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Standard Securities

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  • Douglas Gale

Abstract

The cost of gathering information about unfamiliar securities may lead to gains from standardization: firms issue a particular security because it is used by other firms. To support standardization as an equilibrium phenomenon, information must be non-transferable (otherwise it might be revealed by prices or the observation of other agents' decisions) and it must be generic (useful in evaluating a number of securities). A competitive equilibrium in which standard contracts are used may be subject to coordination failure: while there always exists a constrained efficient equilibrium, there may also exist Pareto-ranked equilibria.

Suggested Citation

  • Douglas Gale, 1992. "Standard Securities," Review of Economic Studies, Oxford University Press, vol. 59(4), pages 731-755.
  • Handle: RePEc:oup:restud:v:59:y:1992:i:4:p:731-755.
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    File URL: http://hdl.handle.net/10.2307/2297995
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    Citations

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    Cited by:

    1. Fulghieri, Paolo & Lukin, Dmitry, 2001. "Information production, dilution costs, and optimal security design," Journal of Financial Economics, Elsevier, vol. 61(1), pages 3-42, July.
    2. Darrell Duffie, 2008. "Innovations in credit risk transfer: implications for financial stability," BIS Working Papers 255, Bank for International Settlements.
    3. Ma, Xianghai, 1996. "Capital controls, market segmentation and stock prices: Evidence from the Chinese stock market," Pacific-Basin Finance Journal, Elsevier, vol. 4(2-3), pages 219-239, July.
    4. Rossetto, Silvia & Bommel, Jos van, 2009. "Endless leverage certificates," Journal of Banking & Finance, Elsevier, vol. 33(8), pages 1543-1553, August.
    5. Thomas H. Noe & Michael J. Rebello & Jun Wang, 2006. "The Evolution of Security Designs," Journal of Finance, American Finance Association, vol. 61(5), pages 2103-2135, October.
    6. Elul, Ronel, 1999. "Effectively complete equilibria--A note," Journal of Mathematical Economics, Elsevier, vol. 32(1), pages 113-119, August.
    7. Thakor, Anjan V., 2012. "Incentives to innovate and financial crises," Journal of Financial Economics, Elsevier, vol. 103(1), pages 130-148.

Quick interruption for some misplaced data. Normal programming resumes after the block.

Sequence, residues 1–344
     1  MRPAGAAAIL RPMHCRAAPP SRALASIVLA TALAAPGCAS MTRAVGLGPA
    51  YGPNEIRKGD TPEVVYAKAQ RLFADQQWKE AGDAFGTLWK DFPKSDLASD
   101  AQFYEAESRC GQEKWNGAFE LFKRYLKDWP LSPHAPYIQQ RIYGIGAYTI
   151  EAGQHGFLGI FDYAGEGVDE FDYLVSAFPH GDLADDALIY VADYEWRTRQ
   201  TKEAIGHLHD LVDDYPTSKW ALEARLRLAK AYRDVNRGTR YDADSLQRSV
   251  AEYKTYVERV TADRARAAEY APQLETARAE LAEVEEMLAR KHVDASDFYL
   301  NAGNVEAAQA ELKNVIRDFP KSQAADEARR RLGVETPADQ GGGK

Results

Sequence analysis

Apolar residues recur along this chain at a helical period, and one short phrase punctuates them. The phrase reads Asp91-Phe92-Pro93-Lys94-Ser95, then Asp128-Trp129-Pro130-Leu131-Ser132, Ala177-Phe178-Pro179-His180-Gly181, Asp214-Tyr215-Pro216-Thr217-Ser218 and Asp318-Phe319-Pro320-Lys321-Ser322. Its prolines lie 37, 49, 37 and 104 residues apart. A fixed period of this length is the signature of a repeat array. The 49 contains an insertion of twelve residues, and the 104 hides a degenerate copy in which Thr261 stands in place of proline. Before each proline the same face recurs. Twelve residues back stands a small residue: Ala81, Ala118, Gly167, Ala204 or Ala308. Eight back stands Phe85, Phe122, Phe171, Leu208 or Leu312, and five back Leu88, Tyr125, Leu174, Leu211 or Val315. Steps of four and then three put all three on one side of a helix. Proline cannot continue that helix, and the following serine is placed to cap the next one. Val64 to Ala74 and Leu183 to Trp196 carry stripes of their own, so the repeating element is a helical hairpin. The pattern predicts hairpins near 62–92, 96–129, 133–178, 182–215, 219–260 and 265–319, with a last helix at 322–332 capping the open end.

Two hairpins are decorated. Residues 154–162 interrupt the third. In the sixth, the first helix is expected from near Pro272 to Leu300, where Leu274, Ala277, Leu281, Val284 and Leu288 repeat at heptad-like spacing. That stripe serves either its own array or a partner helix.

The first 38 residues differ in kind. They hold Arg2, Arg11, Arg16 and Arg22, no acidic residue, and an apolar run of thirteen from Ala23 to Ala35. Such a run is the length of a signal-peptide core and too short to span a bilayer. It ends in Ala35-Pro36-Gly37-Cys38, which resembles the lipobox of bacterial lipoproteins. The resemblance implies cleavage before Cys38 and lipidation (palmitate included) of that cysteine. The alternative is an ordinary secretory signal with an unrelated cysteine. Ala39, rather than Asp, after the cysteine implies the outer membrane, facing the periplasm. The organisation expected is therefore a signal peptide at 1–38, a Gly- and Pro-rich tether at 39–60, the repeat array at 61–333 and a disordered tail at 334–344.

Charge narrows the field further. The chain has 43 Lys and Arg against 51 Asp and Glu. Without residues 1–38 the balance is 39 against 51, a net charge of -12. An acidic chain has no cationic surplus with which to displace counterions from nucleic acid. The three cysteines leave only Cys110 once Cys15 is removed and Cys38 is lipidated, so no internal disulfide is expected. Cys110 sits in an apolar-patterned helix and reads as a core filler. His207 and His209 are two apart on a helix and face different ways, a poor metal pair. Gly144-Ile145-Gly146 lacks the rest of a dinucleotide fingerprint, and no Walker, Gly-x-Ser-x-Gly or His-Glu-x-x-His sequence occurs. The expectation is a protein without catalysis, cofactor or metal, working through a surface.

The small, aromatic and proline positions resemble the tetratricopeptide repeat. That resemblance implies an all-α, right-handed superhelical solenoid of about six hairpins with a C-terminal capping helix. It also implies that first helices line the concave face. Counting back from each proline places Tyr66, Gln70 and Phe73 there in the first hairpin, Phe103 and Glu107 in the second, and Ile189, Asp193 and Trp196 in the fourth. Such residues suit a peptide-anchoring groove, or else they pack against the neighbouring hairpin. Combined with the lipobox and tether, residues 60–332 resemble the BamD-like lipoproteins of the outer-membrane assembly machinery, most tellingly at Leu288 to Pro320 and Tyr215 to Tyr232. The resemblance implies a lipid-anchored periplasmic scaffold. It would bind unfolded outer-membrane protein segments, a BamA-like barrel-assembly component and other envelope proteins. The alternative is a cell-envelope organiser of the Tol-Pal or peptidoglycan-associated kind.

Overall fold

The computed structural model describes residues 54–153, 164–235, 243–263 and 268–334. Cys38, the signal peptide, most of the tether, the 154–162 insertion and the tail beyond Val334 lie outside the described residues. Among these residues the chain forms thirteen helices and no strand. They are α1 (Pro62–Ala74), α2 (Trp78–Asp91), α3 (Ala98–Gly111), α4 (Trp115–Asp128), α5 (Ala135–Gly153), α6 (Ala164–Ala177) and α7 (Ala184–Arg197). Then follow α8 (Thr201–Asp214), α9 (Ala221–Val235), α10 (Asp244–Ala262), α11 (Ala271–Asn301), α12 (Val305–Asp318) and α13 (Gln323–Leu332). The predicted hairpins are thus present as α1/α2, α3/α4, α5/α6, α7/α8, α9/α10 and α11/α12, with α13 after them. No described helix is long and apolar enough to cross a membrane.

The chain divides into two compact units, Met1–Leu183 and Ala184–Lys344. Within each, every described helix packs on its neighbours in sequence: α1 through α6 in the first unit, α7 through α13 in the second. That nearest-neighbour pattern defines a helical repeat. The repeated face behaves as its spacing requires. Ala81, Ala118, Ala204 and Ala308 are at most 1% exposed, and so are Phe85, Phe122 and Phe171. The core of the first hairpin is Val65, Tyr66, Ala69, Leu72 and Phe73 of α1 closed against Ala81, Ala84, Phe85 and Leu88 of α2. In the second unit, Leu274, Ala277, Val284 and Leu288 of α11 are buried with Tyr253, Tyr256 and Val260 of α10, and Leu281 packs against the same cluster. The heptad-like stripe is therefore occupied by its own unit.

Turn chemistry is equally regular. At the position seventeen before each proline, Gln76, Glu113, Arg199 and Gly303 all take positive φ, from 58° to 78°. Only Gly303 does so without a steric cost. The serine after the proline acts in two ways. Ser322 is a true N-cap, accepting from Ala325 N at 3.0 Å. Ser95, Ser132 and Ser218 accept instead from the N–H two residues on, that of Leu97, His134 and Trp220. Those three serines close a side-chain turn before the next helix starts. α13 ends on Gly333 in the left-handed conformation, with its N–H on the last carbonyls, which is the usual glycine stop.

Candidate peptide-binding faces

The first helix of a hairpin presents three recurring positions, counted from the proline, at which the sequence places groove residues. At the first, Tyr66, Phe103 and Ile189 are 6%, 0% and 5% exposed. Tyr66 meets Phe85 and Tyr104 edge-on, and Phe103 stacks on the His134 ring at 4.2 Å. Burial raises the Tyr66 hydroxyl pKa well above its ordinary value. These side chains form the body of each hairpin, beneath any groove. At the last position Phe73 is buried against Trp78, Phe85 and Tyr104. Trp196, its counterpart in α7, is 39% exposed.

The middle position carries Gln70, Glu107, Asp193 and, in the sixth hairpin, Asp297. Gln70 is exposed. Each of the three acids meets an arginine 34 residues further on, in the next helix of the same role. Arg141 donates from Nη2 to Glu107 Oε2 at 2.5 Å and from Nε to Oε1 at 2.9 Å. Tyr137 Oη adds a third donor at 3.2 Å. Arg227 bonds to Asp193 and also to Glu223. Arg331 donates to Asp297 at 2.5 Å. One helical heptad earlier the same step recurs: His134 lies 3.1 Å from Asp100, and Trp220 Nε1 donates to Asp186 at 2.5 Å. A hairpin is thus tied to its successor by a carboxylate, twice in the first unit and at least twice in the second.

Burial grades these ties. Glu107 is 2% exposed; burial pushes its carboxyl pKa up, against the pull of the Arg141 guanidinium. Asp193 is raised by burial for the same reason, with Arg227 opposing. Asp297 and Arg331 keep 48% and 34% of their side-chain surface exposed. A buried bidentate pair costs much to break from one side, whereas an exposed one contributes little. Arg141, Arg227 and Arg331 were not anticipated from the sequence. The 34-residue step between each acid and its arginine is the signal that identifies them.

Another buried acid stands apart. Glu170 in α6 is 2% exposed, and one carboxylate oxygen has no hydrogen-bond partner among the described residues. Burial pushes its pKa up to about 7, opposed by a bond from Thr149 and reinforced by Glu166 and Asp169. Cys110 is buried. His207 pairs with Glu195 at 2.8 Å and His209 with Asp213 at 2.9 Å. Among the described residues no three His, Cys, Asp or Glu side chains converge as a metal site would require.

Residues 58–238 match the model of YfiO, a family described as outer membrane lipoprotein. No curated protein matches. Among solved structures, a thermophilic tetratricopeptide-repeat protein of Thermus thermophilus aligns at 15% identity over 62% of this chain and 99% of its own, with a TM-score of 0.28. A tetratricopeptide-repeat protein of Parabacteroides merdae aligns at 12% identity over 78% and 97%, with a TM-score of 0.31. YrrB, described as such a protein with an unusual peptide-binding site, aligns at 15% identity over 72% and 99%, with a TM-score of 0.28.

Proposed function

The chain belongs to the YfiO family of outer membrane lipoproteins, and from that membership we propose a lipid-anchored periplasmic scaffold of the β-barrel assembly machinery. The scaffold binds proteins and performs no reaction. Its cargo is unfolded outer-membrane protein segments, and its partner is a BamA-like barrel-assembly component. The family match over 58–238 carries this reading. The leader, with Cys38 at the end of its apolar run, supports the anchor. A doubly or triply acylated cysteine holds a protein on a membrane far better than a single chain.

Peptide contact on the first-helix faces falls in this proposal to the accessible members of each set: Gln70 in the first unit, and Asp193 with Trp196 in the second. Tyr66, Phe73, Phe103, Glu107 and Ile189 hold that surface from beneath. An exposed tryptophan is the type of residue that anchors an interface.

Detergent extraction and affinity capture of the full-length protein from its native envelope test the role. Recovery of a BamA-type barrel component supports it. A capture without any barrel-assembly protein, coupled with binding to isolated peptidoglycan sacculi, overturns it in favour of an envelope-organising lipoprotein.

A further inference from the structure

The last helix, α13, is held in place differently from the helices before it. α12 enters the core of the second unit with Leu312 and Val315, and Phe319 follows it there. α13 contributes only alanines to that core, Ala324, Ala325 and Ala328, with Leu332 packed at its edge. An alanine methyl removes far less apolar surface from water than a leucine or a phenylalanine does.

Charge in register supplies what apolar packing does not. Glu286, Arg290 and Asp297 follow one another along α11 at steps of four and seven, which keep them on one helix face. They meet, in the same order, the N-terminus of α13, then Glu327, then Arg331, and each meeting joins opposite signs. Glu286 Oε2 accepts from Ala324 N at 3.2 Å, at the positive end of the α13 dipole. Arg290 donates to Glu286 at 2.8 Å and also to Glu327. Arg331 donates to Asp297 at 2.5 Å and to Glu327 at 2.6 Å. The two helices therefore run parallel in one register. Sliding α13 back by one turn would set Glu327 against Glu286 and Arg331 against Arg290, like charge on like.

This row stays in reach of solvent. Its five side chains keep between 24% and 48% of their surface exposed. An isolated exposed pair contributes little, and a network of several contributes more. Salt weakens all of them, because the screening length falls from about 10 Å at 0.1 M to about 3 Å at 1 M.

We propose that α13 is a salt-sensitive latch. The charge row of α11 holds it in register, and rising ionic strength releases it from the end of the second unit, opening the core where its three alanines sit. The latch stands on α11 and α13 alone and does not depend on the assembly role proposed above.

8. Bohn, Henning, 1995. "Towards a theory of incomplete financial markets A review essay," Journal of Monetary Economics, Elsevier, vol. 36(2), pages 433-449, November.
    9. Martin Hellwig, 2009. "Systemic Risk in the Financial Sector: An Analysis of the Subprime-Mortgage Financial Crisis," De Economist, Springer, vol. 157(2), pages 129-207, June.
    10. Franklin Allen & Douglas Gale, 1999. "Innovations in Financial Services, Relationships, and Risk Sharing," Management Science, INFORMS, vol. 45(9), pages 1239-1253, September.
    11. Rossen Valkanov & Andra Ghent, 2014. "Complexity in Structured Finance: Financial Wizardry or Smoke and Mirrors," 2014 Meeting Papers 104, Society for Economic Dynamics.
    12. Jo Corkish & Allison Holland & Anne Fremault Vila, 1997. "The Determinants of Successful Financial Innovation: an Empirical Analysis of Futures Innovation on LIFFE," Bank of England working papers 70, Bank of England.
    13. Cantale, Salvatore & Russino, Annalisa, 2004. "Putable common stock," Journal of Corporate Finance, Elsevier, vol. 10(5), pages 753-775, November.
    14. Franks, Julian & Sussman, Oren, 2005. "Financial innovations and corporate bankruptcy," Journal of Financial Intermediation, Elsevier, vol. 14(3), pages 283-317, July.
    15. Kawamura, Enrique, 2004. "Investors's distrust and the marketing of new financial assets," The Quarterly Review of Economics and Finance, Elsevier, vol. 44(2), pages 265-295, May.
    16. Arnold, Marc & Schuette, Dustin & Wagner, Alexander, 2014. "Neglected Risk: Evidence from Structured Product Counterparty Exposure," Working Papers on Finance 1406, University of St. Gallen, School of Finance, revised Apr 2016.

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